LOTHIAN’S new NHS boss has spoken of the tragic death of his daughter as he answered critics who have questioned whether he is the right man to lead the region’s health service.
Brian Houston, a non-executive director of Hibs, became chairman of NHS Lothian in April and following his appointment, concerns were raised over his lack of expertise in healthcare.
But at his first board meeting, Mr Houston spoke emotionally about his experience of the NHS while his daughter battled a rare form of cancer, and said it was one of reasons he was in the job.
He said: “I was informally chatting about how things were and someone said ‘why are you here?’ I think there are three or four strands as to why I’m in the position.”
He spoke about his ties to the Capital, his belief in the NHS as a “pillar” of society, his background in planning and changing complex organisations before speaking of his daughter, the second of his four children.
Mr Houston said: “Four years ago, my daughter died of a very obscure cancer. She spent several months in the Western General Hospital and went through very serious treatment. She spent several more in St John’s Hospital. I don’t have much professional experience, but I do have personal experience of the NHS.”
The qualified accountant said that while he had been expecting to walk into a “basket case” organisation in NHS Lothian, which has seen its reputation plummet as a result of revelations over bullying and waiting times fiddling, he believed a lot had been done to recover from its “dark night of the soul”.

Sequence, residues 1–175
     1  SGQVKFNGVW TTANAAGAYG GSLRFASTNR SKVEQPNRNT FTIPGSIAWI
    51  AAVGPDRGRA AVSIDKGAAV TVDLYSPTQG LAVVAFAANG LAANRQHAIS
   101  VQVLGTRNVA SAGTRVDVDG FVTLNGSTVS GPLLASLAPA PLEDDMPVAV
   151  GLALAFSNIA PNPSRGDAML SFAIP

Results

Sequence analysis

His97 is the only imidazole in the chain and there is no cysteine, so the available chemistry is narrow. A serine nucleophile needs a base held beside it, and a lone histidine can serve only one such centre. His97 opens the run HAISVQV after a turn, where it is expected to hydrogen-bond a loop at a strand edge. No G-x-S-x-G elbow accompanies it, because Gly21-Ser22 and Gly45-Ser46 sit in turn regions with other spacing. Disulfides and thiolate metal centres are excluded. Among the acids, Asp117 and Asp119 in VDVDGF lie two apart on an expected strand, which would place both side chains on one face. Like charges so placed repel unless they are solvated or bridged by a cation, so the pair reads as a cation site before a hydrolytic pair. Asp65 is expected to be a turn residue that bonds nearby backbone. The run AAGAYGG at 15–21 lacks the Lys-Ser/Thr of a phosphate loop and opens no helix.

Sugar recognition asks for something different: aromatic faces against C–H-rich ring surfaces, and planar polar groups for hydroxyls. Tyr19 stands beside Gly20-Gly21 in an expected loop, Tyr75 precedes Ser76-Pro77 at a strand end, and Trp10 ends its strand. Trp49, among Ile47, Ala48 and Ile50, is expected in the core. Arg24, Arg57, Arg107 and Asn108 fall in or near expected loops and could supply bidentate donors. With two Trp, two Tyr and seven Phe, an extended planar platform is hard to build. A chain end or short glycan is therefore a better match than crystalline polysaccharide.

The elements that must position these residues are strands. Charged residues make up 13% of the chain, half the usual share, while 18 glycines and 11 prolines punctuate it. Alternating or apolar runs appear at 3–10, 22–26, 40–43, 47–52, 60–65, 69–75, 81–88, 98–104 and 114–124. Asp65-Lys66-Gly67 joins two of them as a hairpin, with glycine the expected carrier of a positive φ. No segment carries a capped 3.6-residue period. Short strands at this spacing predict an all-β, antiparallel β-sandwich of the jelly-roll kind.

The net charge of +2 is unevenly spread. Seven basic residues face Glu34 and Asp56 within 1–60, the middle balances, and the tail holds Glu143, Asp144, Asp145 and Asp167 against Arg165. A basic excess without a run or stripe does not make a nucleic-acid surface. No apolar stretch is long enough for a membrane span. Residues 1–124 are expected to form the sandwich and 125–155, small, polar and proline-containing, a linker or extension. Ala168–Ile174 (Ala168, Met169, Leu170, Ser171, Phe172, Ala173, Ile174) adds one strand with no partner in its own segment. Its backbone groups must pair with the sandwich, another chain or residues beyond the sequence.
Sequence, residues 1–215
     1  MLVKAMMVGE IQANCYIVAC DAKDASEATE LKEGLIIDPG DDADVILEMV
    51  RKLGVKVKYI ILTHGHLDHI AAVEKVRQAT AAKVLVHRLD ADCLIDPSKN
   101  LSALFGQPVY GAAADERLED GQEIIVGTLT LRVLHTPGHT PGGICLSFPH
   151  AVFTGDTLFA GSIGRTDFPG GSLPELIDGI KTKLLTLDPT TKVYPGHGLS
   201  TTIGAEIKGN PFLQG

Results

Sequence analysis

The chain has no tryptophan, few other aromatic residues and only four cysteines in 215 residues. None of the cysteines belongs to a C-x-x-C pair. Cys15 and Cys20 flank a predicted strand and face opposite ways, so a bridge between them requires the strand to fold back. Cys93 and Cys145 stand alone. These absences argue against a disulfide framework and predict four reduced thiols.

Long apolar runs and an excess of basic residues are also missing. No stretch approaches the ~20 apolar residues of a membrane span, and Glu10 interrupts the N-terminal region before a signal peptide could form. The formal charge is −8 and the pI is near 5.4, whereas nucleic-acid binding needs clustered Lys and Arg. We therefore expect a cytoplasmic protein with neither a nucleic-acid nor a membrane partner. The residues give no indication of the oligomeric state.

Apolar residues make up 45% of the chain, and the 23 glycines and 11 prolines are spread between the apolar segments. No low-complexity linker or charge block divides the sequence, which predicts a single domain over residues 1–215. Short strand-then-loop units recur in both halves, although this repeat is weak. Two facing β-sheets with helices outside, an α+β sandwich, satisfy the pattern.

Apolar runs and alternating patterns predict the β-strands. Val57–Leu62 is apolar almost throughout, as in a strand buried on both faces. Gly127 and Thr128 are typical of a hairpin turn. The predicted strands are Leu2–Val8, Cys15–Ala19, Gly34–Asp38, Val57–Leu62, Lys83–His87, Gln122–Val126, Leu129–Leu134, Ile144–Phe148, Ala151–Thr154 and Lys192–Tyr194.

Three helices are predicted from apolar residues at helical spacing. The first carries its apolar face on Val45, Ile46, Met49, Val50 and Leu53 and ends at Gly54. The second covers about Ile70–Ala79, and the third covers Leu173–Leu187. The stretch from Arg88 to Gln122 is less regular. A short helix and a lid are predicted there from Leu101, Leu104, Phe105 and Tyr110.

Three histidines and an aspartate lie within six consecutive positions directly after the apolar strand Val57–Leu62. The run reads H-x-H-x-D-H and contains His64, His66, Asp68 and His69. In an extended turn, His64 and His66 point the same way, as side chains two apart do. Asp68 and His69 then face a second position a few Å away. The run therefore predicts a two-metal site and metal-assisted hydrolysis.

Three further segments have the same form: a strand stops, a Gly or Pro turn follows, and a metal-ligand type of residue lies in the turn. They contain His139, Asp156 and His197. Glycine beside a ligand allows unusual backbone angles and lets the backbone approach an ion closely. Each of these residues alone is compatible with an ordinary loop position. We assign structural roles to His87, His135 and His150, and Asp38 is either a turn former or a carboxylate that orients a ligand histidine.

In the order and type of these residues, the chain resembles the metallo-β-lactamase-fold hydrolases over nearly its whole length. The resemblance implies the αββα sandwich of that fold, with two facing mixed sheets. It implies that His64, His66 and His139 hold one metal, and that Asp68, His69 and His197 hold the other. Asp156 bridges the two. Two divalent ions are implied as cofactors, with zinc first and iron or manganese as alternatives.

However, he added that the health board was “only a part of the way down the road” and that he was “staggered” by the changes needed in the NHS in coming years, when the elderly population is set to spiral.
Following Mr Houston’s dramatic speech, Labour MSP and shadow health secretary Jackie Baillie, who previously described Mr Houston’s appointment as “strange”, said she was pleased he understood the scale of the challenge.
She added: “NHS Lothian has trust to rebuild and needs to dramatically improve its services. We need a board which is fully engaged and I hope that the new chair focuses on patients and patient care – something which seems to be lacking from what he sees as the task ahead of him.”
Tory MSP and health spokesman Jackson Carlaw said that following the waiting times and bullying scandals, NHS Lothian had clearly had “problems with certain people in prominent positions” in the past.
He added: “We applaud the idea that those from outside the circle can come in and lend their wider experience of running organisations effectively, rather than just running a health board.
“And goodness knows, NHS Lothian could do with being run effectively.”